Why did the Labour Party choose Ed?

It’s puzzling, perhaps, because as a Brownite and author of the party’s 2010 manifesto, Ed was associated with Labour’s poor election performance. The selection of David Miliband would have signalled a move back to previously safe electoral ground New Labour occupied. The genesis of Ed’s success can be found in Andrew Rawnsley’s report that the Blair Camp “regarded him as the most reasonable member of Brown’s court” and called Ed “the emissary from Planet Fuck”. Combine this with Ed’s youth and low public profile and you have a Brownite who has the potential for a fresh start, and therefore had a broad enough appeal to other factions of the party.

How on earth did he beat his brother David?

In the election David received more first preferences than Ed. In the two-way runoff Ed still lost to David amongst two of three groups – party members and MPs and MEPs (Ed also lost amongst those now vying for shadow cabinet positions). The deciding factor was that Ed secured the backing of the major unions who then campaigned for their member’s votes. Ed won handily at every stage in this third category of voters, amongst whom turnout was only 9%. There have been questions raised about the tactics used in support of Ed after some unions sent out endorsements for him on the cover of their ballot papers. Finally, remember also that Ed had the nous of Magdalen Politics Tutor Stuart Wood behind his campaign.

How red is Ed?

He lives in Primrose Hill in an expensive house, but that is not necessarily a barrier to being a comrade – see Engels. Ed’s father Ralph was of course an unabashed Marxist. When asked whether his father’s socialism could be achieved by the parliamentary path (instead of revolution) Ed replied “Yes, but it is not his form of socialism. It is my form of socialism which is a more just, more equal society”. He did use the word socialism (something that Blair and Brown shied away from), but he is well within the mainstream of ‘what works is what’s best’ politics. He believes in social democracy, a mixed but essentially capitalist economy, and a welfare state with building blocks similar to the ones bequeathed by Blair and Brown. If you were looking for redder hues than Blair, then Ed leans more towards equalising resources rather than just opportunity, and he has been mildly critical of New Labour’s heavy emphasis on meritocracy alone. He has written that “There is an important progressive instinct that in rich society, nobody should fall below a certain level of income, defined in relative terms”. In practice he has said that he doesn’t want the situation to prevail in which a banker can earn more in a day that a care worker can in a year.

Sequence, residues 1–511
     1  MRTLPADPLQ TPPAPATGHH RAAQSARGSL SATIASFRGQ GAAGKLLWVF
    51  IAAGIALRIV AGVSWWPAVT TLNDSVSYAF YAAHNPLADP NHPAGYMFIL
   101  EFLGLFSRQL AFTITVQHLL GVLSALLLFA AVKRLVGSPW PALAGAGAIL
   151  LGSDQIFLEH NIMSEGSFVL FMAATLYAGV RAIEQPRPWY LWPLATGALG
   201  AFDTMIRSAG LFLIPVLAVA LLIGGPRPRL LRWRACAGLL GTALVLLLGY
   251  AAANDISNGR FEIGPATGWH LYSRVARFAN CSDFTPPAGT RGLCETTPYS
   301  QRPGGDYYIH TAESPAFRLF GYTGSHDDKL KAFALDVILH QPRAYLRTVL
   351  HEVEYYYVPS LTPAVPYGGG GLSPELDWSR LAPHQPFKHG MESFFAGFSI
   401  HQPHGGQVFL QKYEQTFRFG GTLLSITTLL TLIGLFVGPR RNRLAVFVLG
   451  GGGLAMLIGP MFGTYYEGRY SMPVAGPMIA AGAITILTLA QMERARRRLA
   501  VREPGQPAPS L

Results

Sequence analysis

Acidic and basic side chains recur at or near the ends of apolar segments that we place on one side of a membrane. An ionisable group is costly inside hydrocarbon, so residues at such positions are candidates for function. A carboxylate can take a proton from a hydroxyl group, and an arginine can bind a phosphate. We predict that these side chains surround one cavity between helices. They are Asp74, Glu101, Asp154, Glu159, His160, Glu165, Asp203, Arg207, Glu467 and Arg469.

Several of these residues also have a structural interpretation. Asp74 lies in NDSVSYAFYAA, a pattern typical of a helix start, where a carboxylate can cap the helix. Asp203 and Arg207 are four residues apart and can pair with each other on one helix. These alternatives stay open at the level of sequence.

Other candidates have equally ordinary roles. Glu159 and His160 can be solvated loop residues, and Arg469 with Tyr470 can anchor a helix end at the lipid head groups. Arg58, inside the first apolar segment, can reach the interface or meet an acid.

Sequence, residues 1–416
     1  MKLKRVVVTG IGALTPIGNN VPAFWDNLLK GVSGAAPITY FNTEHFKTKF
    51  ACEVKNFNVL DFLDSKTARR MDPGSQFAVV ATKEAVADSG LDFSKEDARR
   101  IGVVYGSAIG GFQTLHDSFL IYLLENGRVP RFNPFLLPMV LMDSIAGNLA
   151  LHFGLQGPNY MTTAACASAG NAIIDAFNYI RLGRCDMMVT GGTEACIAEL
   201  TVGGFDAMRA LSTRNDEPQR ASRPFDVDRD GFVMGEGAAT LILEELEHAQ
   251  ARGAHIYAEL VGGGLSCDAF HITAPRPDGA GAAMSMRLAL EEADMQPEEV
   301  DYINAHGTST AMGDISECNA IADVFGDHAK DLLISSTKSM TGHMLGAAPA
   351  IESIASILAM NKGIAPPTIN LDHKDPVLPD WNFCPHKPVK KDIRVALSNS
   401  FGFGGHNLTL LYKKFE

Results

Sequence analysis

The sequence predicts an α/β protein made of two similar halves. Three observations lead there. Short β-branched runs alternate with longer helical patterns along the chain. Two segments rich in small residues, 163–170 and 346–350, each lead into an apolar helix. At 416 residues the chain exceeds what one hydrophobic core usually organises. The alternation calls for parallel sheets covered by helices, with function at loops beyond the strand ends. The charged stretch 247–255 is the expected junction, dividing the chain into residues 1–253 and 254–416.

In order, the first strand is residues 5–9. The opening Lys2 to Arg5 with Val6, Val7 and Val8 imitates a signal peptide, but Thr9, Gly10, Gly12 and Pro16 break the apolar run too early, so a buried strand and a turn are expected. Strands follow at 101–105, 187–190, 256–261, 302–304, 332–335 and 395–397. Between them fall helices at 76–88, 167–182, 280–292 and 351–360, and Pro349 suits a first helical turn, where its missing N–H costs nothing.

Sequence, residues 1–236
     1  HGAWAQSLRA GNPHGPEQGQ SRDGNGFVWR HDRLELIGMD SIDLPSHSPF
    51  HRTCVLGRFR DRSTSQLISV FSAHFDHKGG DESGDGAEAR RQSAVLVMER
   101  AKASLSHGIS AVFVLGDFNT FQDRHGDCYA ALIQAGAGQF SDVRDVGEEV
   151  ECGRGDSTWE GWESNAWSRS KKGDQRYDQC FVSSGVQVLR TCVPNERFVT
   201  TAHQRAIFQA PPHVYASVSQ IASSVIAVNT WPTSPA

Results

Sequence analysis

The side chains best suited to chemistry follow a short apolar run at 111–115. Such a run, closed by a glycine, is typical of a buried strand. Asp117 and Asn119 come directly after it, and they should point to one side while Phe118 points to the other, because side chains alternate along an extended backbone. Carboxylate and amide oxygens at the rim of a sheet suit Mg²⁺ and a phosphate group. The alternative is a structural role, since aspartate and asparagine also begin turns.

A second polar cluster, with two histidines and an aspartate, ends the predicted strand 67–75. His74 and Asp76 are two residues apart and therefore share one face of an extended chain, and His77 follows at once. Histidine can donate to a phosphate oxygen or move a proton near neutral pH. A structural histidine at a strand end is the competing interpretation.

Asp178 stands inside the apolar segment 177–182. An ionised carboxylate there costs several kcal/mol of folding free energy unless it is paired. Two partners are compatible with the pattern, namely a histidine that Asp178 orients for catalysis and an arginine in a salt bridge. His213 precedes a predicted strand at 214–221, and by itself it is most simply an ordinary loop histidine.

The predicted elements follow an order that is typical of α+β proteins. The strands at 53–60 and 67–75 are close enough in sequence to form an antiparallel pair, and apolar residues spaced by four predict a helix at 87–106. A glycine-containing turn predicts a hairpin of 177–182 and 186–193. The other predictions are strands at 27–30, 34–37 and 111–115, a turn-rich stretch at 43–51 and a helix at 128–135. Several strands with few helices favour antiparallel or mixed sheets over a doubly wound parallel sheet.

How is he going to change the Labour Party?

In his first speech to conference as leader he distanced himself from the party’s record in government on Iraq, civil liberties, the banks (not the bailout), and the position taken on the alternative vote. It will require some imagination to answer the question of where the party is going next, because the obvious routes, and the ones down which there is no doubt the unions would like to push the party, are lined with pitfalls. It is going to be hard to carve out a distinctive, but at the same time popular brand for the party. The choice of direction is made nightmarishly complicated by the immediacy of the fiscal (tax and spending) options Ed is faced with. The temptation to oppose cuts is substantial, but in the absence of a double dip recession it is hard to see that simple or even just selective opposition will bring his party back to popularity by the time of the next election.